Abstract – Although it has long been recognized that there is increased risk of divorce among the children of divorced parents, the extent to which genetic and environmental factors contribute to this familial resemblance has been a matter of speculation only. In order to resolve the separate influence of genetic and environmental factors on risk of divorce, divorce status of 1,516 same-sex twin pairs (722 monozygotic. MZ, and 794 dizygotic, DZ), their parents, and their spouses’ parents was determined. Concordance for divorce was significantly higher in MZ than DZ twins; this was true overall, in both the male and female samples, for both younger and older twin pairs, and both when the twins’ parents had been divorced and when they had not been divorced. The robustness and magnitude of the MZ-DZ difference in divorce concordance indicates a strong influence of genetic factors in the etiology of divorce. Moreover, family background of both spouses contributed independently to couples’ divorce risk, suggesting that, in many cases, divorce may be largely the result of characteristics the two spouses bring to the union rather than to interaction effects. These results also suggest that the adjustment difficulties seen with some children of divorced parents may be dice to an interaction between genetic and environmental factors rather than environmental influences alone, as is assumed in many theories of divorce’s effects.

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Do People Make Environments or Do Environments Make People?

Do People Make Environments or Do Environments Make People?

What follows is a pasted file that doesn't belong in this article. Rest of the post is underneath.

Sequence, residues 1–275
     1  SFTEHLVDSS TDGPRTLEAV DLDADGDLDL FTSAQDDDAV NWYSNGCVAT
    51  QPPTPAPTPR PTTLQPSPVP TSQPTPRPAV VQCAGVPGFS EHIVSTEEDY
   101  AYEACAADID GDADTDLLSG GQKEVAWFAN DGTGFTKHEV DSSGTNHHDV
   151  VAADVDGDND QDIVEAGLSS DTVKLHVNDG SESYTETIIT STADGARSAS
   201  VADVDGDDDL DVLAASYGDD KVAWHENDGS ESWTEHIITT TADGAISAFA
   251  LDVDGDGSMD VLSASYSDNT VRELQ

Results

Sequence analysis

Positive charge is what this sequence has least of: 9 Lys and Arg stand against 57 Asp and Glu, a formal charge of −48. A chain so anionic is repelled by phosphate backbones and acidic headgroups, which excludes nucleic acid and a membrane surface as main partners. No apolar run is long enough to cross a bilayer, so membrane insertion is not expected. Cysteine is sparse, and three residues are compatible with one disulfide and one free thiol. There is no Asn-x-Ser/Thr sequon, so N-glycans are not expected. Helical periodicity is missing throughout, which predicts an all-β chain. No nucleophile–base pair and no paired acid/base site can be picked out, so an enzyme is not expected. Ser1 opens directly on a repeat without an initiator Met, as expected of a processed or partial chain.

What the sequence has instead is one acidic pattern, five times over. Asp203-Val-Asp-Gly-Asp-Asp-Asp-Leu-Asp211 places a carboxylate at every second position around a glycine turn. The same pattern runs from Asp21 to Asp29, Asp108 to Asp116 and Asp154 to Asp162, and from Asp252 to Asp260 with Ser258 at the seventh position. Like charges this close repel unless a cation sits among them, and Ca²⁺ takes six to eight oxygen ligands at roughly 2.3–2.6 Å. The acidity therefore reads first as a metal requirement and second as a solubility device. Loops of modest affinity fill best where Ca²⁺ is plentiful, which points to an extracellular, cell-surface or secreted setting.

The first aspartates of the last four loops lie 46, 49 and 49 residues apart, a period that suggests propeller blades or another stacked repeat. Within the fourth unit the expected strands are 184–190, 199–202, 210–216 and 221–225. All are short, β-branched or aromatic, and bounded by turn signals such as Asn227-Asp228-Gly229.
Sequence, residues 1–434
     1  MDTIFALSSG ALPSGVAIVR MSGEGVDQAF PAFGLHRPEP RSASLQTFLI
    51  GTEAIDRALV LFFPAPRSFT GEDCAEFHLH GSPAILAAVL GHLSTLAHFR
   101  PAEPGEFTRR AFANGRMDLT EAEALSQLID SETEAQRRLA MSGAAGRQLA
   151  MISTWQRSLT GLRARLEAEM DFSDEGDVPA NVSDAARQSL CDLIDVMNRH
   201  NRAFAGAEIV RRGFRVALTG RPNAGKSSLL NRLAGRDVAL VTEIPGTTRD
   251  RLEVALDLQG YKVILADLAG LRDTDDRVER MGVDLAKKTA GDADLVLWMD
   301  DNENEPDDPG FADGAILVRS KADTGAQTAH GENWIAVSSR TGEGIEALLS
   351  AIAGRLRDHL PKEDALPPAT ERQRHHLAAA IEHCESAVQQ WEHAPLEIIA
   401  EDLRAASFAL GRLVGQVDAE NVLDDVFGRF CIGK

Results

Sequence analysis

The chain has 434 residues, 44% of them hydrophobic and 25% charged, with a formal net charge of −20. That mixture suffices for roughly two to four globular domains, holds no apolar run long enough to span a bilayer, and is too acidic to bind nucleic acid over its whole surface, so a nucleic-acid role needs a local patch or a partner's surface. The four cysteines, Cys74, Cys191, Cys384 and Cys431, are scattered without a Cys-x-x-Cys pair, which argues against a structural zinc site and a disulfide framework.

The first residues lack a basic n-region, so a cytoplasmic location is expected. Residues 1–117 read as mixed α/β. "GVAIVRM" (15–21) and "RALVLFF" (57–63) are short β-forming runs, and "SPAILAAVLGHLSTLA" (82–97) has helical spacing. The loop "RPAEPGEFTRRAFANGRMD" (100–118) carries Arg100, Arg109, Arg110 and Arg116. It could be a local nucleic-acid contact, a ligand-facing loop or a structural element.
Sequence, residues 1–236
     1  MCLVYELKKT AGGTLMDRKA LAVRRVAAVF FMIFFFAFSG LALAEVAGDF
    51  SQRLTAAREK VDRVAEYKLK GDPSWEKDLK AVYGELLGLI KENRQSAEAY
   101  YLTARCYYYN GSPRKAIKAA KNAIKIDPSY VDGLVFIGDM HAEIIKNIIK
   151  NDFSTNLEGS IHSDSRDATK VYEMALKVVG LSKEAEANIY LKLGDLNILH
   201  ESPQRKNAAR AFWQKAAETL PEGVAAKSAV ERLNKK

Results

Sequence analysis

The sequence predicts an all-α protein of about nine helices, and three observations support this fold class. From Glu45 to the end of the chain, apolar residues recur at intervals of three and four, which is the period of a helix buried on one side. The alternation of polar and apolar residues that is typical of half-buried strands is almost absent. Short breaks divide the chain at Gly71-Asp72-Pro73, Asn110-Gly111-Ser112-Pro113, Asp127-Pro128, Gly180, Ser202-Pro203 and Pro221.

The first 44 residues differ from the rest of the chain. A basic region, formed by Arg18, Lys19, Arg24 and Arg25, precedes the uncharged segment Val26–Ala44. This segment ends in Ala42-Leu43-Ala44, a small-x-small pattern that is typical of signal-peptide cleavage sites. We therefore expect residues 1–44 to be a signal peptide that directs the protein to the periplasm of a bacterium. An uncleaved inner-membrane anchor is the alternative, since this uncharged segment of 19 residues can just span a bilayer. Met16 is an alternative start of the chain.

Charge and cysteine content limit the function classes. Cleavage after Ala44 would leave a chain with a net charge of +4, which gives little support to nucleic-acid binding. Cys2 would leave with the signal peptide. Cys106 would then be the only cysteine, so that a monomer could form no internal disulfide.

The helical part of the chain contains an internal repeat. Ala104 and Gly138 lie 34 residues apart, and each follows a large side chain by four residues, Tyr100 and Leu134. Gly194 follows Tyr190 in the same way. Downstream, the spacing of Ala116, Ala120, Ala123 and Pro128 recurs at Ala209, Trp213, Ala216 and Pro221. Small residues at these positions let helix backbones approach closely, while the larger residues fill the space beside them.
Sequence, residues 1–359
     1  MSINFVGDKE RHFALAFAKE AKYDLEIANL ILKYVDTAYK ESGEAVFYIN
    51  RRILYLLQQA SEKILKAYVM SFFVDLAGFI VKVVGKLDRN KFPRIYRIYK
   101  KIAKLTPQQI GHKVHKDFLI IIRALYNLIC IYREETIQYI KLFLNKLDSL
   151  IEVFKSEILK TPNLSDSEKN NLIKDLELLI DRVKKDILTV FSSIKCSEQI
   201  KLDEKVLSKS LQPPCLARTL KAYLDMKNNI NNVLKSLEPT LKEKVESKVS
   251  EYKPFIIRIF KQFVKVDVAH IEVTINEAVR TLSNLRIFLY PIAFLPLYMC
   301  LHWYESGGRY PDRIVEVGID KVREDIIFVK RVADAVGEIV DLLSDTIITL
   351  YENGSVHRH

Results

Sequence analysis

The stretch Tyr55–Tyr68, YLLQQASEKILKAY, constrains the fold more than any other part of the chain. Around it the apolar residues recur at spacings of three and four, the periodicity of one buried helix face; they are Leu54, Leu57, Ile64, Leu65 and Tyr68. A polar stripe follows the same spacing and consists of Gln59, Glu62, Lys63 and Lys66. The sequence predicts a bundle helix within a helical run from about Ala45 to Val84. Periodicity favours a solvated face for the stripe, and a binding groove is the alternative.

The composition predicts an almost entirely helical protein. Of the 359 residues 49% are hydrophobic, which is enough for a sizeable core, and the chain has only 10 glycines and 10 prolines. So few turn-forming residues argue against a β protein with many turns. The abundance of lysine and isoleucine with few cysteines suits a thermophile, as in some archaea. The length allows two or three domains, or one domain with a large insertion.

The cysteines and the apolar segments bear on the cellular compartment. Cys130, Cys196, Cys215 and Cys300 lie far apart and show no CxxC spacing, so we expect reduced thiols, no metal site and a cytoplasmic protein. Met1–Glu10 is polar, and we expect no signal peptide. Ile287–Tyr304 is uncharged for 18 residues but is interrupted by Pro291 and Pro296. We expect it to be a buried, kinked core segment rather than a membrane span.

ABSTRACT: This article discusses the influence of people’s genetic make-up on their mental states of happiness and depression. Contrary to the conventional wisdom, great fortune does not guarantee happiness; neither does great misfortune assure depression. Emotional states are surprisingly immune to “objective” social circumstances. A biological basis for this relative immunity is that people possess biological set points for these emotional states, rendering the effects of most life events transitory. Genotypes also have indirect effects. People react differently to psychological stressors depending on their genotypes. A susceptible person may succumb to depression, whereas a resilient person may remain unaffected. People also expose themselves to different social environments. Exposure to controllable life events is partly a result of genetic predispositions. Consilience requires that this biological individuality be considered in any understanding of human behavior, including the pursuit of happiness.